Kabul Express banned in Afghanistan

Afghanistan has banned the John Abraham – Arshad Warsi starrer Bollywood film Kabul Express after an outcry from the ethnic Hazara minority.

The ethnic Hazara minority, has been described in the movie as “the most dangerous tribe” in the country for whom “looting is their business.”

The Outlook Afghanistan newspaper reported on Saturday the independent Afghan TV had announced a 72-hour ban on Indian songs or films, a mainstay of Afghan entertainment, in protest.

The Ministry of Information and Culture said the government film directorate had banned the purchase, selling and showing of the movie, which is yet to be released in Afghanistan but is available in pirated form.

The announcement follows angry objections from leaders in the Hazara community, including Vice President Mohammad Karim Khalili and the head of the respected Afghanistan Independent Human Rights Commission, Seema Samar.

In the mixed Hindi and Urdu dialogue, Hazaras are referred to as the “most dangerous tribe of Afghanistan” for whom “looting is their business.”

“They would have looted and (stripped) you,” one of the characters says according to a transcript of the film. “Then they would have hit you in the head with a nail. Then they would have sold your car in Pakistan.”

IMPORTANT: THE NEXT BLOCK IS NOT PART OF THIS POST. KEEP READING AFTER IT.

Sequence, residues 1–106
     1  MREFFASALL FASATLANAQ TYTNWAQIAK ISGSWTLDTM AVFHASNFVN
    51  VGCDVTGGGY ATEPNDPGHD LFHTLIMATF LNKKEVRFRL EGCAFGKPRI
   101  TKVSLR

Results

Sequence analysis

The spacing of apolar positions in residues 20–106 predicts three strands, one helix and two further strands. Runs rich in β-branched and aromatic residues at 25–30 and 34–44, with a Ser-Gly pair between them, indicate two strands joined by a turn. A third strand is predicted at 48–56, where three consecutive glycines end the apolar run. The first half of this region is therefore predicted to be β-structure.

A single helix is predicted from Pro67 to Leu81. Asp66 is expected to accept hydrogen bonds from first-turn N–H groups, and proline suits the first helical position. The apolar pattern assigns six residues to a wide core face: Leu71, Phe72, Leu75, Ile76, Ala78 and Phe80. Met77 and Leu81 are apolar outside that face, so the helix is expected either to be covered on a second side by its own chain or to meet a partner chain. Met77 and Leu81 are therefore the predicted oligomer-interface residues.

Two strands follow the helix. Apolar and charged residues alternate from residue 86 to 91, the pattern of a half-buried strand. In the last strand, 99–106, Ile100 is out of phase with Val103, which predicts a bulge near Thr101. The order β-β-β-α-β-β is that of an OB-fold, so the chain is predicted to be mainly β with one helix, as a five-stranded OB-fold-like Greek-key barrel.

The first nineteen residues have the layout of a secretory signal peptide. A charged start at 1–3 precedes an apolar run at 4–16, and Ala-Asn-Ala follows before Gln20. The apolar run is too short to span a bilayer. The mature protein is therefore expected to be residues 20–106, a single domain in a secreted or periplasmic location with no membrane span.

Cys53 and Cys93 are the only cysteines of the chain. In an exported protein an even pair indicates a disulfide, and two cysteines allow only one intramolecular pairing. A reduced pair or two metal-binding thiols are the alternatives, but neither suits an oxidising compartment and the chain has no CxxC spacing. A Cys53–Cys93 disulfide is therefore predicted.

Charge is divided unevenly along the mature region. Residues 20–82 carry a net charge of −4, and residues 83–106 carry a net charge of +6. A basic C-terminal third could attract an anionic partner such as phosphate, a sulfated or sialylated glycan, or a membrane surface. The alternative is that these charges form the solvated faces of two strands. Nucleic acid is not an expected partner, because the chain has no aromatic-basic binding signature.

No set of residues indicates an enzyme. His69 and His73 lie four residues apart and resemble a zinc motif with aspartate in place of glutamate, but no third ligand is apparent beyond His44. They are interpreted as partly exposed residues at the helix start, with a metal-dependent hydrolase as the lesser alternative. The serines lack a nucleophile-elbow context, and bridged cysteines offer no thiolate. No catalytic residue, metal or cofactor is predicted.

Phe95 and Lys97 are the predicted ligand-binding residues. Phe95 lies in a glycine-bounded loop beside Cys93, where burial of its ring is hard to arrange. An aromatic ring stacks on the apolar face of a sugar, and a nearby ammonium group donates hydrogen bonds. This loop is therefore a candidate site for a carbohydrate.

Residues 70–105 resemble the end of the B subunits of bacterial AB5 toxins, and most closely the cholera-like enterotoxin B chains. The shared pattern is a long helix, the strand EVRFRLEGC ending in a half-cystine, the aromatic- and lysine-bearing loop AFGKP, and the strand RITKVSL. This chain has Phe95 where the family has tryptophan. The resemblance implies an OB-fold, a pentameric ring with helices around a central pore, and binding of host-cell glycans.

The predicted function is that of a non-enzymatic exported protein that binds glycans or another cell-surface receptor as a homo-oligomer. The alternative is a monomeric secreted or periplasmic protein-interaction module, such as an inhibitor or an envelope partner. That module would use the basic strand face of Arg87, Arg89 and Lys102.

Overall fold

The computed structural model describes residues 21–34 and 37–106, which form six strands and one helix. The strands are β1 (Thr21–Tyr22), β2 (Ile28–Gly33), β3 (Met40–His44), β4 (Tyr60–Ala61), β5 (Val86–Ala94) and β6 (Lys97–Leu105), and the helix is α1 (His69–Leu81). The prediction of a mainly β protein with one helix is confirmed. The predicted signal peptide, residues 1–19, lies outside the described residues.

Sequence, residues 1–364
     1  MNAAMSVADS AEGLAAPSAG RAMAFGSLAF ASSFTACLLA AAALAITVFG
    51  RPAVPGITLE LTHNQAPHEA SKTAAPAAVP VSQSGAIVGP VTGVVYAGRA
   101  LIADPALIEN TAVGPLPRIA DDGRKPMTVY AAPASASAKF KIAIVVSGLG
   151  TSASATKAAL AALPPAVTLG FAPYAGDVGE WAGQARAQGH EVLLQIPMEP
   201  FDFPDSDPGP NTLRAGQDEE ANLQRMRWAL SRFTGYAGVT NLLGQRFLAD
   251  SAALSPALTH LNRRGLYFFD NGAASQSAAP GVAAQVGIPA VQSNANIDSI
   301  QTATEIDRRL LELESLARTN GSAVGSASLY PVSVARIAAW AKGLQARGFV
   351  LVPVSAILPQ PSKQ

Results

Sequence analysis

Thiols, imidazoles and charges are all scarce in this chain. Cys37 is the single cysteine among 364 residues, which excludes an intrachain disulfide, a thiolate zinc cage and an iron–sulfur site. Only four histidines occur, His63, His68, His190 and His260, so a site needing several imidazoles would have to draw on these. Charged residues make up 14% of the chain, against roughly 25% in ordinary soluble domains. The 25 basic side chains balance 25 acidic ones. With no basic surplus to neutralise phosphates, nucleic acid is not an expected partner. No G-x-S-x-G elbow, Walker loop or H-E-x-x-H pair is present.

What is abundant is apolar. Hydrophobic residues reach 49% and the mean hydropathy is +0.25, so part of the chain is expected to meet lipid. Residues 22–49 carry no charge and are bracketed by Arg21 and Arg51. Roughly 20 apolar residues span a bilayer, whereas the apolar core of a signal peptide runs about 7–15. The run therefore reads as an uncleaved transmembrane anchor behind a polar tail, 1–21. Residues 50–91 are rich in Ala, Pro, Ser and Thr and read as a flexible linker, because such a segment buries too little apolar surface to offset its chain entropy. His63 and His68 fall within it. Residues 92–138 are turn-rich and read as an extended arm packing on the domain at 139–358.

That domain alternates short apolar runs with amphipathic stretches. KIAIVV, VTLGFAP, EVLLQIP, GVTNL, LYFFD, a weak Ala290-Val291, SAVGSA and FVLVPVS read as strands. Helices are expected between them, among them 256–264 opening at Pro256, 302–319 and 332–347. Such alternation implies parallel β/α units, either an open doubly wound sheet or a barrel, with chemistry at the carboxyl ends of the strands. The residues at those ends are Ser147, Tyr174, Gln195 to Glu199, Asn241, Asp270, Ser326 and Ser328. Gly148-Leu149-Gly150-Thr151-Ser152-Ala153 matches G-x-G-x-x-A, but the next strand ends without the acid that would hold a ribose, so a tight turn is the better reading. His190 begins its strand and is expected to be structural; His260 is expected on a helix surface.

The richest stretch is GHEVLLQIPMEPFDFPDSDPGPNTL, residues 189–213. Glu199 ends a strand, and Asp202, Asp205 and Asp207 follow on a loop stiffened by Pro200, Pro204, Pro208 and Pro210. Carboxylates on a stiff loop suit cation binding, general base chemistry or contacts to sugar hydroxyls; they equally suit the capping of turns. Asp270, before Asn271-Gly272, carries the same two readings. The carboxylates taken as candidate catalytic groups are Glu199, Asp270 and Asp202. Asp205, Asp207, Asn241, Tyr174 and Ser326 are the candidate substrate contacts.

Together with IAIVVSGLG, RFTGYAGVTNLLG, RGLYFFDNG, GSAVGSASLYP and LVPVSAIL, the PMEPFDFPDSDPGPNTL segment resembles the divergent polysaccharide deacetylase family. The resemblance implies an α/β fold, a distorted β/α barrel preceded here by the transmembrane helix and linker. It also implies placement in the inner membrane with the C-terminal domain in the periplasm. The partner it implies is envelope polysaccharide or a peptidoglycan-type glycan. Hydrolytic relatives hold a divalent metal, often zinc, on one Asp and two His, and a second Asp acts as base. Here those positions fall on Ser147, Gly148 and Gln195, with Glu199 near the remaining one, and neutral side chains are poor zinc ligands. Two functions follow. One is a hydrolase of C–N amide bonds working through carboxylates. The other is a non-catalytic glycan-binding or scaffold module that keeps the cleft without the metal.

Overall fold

The film also accuses Hazaras, who make up about 15 per cent of the population, of rape and says they are harder to escape from than the US aircraft that bombed the Taliban into defeat.

The culture ministry said in a statement announcing the ban that the film “has scenes, dialogues and behaviours which are insulting to a tribe and in fact to all our nation.”

Khalili, Samar and former Hazara commander and current MP Mohammad Mohaqiq condemned the film at a rally of hundreds of people on Friday. The film made Hazaras seem “barbaric”, they said.

An editorial in the Hazara-aligned newspaper described the film as a “poisonous orchestrated conspiracy” and warned the “factional efforts” of the past should not be forgotten.

Samar said the film was “immoral,” and said the government should watch the film. “If anything stands against the national interest of Afghanistan, it should not be permitted. I think the perpetrators should be brought to justice,” she said.